the states they originate from in alphabetical order.
Compression has two disadvantages. The first is that encoding destination states
in arcs limits the potential size of the lexicon. Under expanded representation, a
state is just the first index of a two-dimensional array, whereas, under compression,
a state is the index of its bit-map in a single array of both arcs and states. This
second index grows much faster, so that a larger lexicon would allow arcs to be
encoded in 32 bits under expanded representation than under compression.
The second disadvantage is the time it takes to find arcs. Each arc is addressed
directly under expanded representation. Under compression, the bit map in a state
indicates if a given letter has an associated arc. One must count how many of the
preceding bits are set and then skip that many 32-bit words to actually find the arc.
Although the actual number of preceding bits that are set is usually small, each
preceding bit must be examined to compute the correct offset of the associated arc.
The advantage of compression is, of course, a saving in space. The histogram of
states by number of arcs in Table II indicates that most states have only a few arcs.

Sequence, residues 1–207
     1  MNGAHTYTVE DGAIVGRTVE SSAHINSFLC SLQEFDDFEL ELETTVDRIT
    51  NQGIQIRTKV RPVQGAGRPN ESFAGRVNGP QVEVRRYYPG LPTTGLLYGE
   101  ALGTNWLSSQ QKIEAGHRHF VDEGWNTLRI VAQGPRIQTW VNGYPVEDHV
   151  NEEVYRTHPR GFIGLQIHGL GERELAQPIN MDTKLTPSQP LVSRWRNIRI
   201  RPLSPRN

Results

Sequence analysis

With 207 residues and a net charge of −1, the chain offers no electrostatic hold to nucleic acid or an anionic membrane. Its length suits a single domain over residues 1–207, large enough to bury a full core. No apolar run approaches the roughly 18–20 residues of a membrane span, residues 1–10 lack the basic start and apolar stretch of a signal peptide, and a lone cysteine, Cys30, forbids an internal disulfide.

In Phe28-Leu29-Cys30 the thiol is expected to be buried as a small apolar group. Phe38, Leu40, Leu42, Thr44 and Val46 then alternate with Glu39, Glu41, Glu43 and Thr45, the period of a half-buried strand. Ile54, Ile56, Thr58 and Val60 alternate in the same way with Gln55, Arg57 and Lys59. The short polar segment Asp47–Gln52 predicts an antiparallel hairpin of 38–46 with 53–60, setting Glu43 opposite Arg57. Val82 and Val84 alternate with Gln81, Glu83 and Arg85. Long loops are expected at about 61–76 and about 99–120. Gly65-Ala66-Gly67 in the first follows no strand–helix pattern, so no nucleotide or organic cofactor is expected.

Avoiding the explicit storage of non-existent arcs thus saves a great amount of
space. A compressed GADDAG requires S + A 32-bit words, compared to 27S for
an expanded GADDAG, where S is the number of states and A is the number of
arcs. Nevertheless, the automata in Reference 7 had fewer states with more than 10
arcs, since a lexicon of commonly-used words is less dense than a Scrabble lexicon.
Table III compares the sizes of DAWG and GADDAG structures built from a
lexicon of 74,988 words from the OSPD211. Word lengths vary from 2 to 8 letters,
averaging 6·7 letters per word. Since people rarely play words longer than 8 letters,
the OSPD2 only lists base words from 2 to 8 letters in length and their forms. The
longer words that are listed are not representative, having, for example, a dispro-
portionate number of ING endings. Comparing DAWG and GADDAG structures on
a lexicon with just these longer words could be misleading, so longer words
were omitted.
The minimized and compressed DAWG structure represents the lexicon with an
impressive 4·3 bits per character, less than half the number of bits required to
represent the lexicon as text (including one byte per word for a delimiter). Appel
and Jacobson achieved an even better ratio by encoding many arcs in 24 bits. The
GADDAG minimized more effectively than the DAWG, being just less than 5 times
larger rather than the 6·7 times larger expected with equally effective minimization.

Table IV compares the performances of the DAWG and GADDAG move generation
algorithms implemented within identical shells in Pascal playing 1000 randomly
generated games on a VAX4300 using both compressed and expanded representations.
228 a faster scrabble move generation algorithm
Table II. Histogram of states by number of outgoing arcs in minimized
DAWG and GADDAG structures

Number of arcs DAWG GADDAG